2. Once the mane has been completely braided down, pull all of the yarn through to the top of the braid. Start at the withers and moving towards the poll. Pulling the yarn through all at once is a simple step to both save some time and maintain a rhythm, which creates a more pleasant experience for the horse! Insert your rug hook through the top of the braid at the crest. Make sure you are in the middle of the braid and that it goes straight through, or else you will have crooked braids. Keep the braid itself straight while pulling yarn through to the other side, and let the ends of the yarn hang on the left side of the neck out of the way.



Once the mane is completely braided, I start to pull the braids up into a loop in order to pull the knot through and secure the braid. You will have just finished pulling yarn through at the poll, so this is where I recommend beginning this step!

  1. Hold the bottom of the braid where your knot is with your left hand. Grab the ends of the yarn that are hanging on the left side of the neck with your right hand.
  2. Start to loop your braid by pulling the yarn all the way through so the bottom of your braid (the knot) is snug to the base of the crest.
  3. Use your left hand to help guide the braid straight into the loop and direct the ends of the hair that are below the knot to the right side of the loop, and pointing towards the ceiling.
  4. Once snug at the base, use your thumb and forefinger on your left hand and place them on either side of the loop (braid). With the yarn still in your right hand and your left fingers guiding the braid, pull the knot that tied the bottom of your braid through the top/crest. If you do this slowly, you will hear/feel a bit of a tug/tear noise. Once you do, stop pulling the braid through.

Pulling the knot through is a trick that helps to anchor the braid. You should not see any hair sticking out the top of the mane, just the yarn. If you find that you are pulling through the hair, make sure to put the loose ends to the right of the mane before pulling the knot through. If your braid has pulled through crooked, pull it back out straight and try again.

  1. Take one piece of yarn in each hand. Cross the yarn underneath your braid. Do NOT knot here, only cross the yarn over. Have it snug to the crest/base, but not super tight. It will be tightened on the next step.

  1. Tie a surgical knot – this knot is very important. (A surgical knot is like the first step of tying your shoes, but instead of looping the yarn once, you loop it twice.) This knot helps to hold the braid in place better until you are done tying it off. You will want to guide this knot across the top of your braid, to approximately the 6th/7th crossover (just below where you first inserted your yarn into the braid). As you tighten the knot, use your fingers to adjust the braid slightly to make it straight and even to the other braids as you go along. It is very important to pull as tight as you can here, without breaking the yarn.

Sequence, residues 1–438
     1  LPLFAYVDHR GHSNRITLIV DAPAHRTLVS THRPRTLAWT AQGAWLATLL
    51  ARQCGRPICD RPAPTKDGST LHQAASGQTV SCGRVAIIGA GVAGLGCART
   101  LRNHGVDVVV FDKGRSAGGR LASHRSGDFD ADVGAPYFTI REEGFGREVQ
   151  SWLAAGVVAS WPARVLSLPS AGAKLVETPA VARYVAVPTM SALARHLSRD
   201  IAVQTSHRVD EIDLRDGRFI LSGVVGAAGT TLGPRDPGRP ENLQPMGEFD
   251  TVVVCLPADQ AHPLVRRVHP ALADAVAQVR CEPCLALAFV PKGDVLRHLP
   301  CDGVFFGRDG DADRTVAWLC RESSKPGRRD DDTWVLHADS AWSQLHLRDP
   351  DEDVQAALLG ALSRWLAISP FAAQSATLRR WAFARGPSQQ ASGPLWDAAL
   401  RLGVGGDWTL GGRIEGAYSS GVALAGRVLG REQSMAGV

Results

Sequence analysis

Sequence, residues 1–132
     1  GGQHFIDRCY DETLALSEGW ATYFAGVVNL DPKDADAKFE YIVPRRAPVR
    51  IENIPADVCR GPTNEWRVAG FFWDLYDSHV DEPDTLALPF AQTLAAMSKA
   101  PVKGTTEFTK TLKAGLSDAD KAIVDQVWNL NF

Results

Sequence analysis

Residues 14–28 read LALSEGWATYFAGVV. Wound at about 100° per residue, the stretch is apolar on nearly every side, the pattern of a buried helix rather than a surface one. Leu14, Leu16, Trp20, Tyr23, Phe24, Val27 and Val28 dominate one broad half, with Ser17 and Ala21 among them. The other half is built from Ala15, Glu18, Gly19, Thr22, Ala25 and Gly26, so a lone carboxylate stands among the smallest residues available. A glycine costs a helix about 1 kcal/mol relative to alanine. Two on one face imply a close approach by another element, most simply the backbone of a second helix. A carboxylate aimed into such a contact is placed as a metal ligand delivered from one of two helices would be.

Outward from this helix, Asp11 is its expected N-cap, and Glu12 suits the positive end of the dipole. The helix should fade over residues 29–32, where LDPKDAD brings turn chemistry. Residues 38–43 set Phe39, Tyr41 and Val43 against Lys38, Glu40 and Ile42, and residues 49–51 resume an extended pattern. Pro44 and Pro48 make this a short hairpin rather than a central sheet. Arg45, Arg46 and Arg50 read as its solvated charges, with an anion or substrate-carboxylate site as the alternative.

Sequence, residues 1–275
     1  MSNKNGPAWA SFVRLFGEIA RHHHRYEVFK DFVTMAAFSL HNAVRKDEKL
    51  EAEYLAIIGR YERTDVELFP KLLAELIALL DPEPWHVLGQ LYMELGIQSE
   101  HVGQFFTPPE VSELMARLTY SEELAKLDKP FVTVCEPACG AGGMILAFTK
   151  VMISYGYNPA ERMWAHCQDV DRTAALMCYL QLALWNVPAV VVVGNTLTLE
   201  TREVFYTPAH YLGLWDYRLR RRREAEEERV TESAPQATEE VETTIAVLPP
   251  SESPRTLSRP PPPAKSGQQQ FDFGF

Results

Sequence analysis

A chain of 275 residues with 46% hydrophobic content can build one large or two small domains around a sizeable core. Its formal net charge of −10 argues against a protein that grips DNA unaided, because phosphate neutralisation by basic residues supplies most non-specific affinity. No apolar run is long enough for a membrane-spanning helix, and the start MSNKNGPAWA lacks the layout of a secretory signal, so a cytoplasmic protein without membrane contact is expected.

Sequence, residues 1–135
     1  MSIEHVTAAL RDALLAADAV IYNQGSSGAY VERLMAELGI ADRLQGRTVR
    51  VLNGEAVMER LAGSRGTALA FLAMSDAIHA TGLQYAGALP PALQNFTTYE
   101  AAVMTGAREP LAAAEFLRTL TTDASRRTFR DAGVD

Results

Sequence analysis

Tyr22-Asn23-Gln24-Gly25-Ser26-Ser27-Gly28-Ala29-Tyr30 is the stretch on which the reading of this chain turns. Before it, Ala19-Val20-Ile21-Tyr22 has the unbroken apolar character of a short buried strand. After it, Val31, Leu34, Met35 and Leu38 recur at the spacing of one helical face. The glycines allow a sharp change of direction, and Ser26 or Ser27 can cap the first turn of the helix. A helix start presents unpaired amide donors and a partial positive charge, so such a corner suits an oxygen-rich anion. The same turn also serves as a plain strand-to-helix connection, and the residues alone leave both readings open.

2. Once you have tightened and adjusted the braid to the desired position, make another surgical knot. This time, directing it to go underneath the braid. Pull tight and evenly from both sides.

  1. Tie two regular knots below the braid.
  2. Place all of the yarn to either the right or left side of the braid, and after all braids are tied off, cut the yarn off all at once.



  1. The forelock is French braided until all hair is in a braid.
  2. When there is no longer any hair to add to the French braid, add your yarn the same as when you were braiding the mane, in the 5th/6th
  3. Braid 9-11 more crossovers, and then tie.
  4. Take the remaining ends and twist them around into a tight little curl (think rolling a hose).
  5. Insert the pull through at the top of the French braid (by the bridle path) and slowly push it down until it comes out the bottom.

  1. Add yarn to the rug hook and close.
  2. Slowly pull the end of the braid through the French braid. Keep the ends that are rolled into a curl twisted up and tuck it into the French braid as you pull through the French braid.
  3. Pull the string all the way through to the top.

  1. Insert rug hook horizontally from the right ear to the left ear at the top of the French braid by the bridle path
  2. Grab 1 piece of yarn and pull it back through to the right ear.

  1. Knot on top.
  2. Cut so the ends are approximately ¼-½ cm long.